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Reef fish community structure and dynamics: response to human disturbance
This study examines the broad scale dynamics of reef fish assemblages within temperate waters.
The south-west coast of Western Australia is a biodiversity hot-spot, containing a unique fish fauna comprising tropical, sub-tropical and temperate species. With the ever expanding coastal human population, the pressure on these assemblages increases.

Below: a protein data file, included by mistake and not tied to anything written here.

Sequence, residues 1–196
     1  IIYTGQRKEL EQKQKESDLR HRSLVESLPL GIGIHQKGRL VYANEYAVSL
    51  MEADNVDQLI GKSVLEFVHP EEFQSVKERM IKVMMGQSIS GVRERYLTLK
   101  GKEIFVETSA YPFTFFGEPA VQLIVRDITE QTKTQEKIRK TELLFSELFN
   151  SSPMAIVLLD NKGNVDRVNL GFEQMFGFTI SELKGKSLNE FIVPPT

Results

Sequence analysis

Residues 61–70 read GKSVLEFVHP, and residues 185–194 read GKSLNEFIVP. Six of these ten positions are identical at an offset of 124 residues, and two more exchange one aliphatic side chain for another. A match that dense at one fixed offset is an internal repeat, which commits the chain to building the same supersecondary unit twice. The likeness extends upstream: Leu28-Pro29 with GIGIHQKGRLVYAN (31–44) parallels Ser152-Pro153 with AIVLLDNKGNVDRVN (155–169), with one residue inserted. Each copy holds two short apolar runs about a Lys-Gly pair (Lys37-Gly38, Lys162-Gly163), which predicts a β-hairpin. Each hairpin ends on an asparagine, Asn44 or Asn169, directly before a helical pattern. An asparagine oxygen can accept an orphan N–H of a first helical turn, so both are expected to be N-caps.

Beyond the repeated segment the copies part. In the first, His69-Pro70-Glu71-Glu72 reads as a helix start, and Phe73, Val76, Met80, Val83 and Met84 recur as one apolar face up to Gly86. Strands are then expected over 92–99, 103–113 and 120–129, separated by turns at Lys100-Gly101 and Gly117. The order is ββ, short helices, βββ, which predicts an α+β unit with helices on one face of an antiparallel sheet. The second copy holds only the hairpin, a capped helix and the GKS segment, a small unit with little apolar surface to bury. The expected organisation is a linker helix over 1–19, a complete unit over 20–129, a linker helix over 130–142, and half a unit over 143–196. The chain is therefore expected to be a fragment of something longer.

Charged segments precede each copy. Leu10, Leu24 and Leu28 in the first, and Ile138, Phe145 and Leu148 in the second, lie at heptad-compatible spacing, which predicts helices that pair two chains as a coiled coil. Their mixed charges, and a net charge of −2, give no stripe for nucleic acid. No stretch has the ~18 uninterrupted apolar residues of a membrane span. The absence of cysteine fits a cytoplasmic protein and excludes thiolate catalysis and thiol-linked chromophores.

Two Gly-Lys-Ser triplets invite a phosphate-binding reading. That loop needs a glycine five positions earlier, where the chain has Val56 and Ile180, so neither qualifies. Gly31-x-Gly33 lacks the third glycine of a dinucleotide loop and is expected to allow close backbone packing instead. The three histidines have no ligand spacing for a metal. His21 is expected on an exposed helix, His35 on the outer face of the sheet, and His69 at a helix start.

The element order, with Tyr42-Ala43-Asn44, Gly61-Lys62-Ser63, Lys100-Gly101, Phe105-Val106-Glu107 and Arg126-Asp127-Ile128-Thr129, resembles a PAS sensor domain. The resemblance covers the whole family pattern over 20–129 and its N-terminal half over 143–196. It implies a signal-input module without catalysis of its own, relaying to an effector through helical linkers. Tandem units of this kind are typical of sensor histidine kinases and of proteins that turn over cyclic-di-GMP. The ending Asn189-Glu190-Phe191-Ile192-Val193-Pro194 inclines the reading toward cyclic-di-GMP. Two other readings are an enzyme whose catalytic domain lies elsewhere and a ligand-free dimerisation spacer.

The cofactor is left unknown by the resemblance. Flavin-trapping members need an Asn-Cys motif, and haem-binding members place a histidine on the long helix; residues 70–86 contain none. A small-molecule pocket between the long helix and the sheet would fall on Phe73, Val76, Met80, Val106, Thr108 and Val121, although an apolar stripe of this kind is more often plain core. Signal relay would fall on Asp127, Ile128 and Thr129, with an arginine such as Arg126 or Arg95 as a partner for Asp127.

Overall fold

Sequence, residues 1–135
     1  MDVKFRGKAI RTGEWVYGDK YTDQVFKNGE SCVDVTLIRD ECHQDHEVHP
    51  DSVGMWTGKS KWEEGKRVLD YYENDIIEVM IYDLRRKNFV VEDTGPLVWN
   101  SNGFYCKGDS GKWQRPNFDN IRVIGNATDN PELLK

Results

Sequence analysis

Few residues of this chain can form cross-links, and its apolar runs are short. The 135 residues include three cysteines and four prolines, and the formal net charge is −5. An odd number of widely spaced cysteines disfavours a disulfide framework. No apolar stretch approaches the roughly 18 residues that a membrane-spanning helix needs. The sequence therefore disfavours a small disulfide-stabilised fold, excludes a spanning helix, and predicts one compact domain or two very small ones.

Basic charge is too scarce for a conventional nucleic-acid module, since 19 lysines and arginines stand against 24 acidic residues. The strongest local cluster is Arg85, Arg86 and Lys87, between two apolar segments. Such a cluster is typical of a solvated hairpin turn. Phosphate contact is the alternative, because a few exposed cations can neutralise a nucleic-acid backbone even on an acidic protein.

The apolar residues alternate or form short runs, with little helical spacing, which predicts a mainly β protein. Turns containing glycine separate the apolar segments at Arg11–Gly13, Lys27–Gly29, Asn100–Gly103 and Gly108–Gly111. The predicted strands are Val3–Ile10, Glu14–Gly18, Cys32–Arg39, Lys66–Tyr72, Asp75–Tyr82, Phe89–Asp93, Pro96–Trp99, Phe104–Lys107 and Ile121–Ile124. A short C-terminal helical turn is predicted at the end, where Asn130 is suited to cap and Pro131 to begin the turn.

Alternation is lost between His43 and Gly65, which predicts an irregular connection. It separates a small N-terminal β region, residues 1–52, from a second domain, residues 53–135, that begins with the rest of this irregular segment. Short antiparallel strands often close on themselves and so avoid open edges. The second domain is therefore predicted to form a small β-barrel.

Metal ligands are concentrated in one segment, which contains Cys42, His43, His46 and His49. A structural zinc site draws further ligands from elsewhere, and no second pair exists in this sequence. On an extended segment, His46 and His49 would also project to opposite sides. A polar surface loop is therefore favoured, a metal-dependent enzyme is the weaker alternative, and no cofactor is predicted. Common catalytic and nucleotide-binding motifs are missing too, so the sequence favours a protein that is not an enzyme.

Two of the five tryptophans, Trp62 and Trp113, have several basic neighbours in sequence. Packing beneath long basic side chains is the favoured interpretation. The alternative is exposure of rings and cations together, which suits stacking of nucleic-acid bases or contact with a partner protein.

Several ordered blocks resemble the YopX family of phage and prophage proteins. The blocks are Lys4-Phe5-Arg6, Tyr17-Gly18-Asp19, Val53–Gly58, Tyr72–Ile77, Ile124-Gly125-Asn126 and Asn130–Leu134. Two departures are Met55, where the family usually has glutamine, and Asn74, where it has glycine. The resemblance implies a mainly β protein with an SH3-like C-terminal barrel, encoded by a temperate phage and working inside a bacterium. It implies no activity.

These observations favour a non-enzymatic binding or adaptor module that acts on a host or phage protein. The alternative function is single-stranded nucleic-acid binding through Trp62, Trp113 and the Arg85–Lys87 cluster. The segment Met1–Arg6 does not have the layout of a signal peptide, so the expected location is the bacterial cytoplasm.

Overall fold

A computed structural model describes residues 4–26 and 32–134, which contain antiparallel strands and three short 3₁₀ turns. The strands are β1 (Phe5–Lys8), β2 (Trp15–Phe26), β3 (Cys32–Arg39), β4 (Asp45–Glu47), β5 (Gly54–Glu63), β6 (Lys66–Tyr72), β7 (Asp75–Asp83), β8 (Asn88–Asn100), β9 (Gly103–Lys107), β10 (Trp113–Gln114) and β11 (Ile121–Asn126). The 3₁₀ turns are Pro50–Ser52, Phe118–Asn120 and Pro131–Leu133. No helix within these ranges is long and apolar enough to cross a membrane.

This project takes an all-round approach to examine both natural and anthropogenic processes that influence the status of these assemblages. I use non-destructive stereo-video to gain data on fish abundance, length and habitat.
Combining this with other physical metrics such as sea-surface temperature and productivity, the project will highlight how these assemblages are structured by the natural environment. Furthermore, the project utilises 30 years of commercial fishing data to examine the contribution of fishing to the current structure of reef fish communities.
This research is important due to the ever increasing demand on our coastal reef fish resources. Furthermore, to date little is known of the processes that influence the status of reef fish assemblages in this region.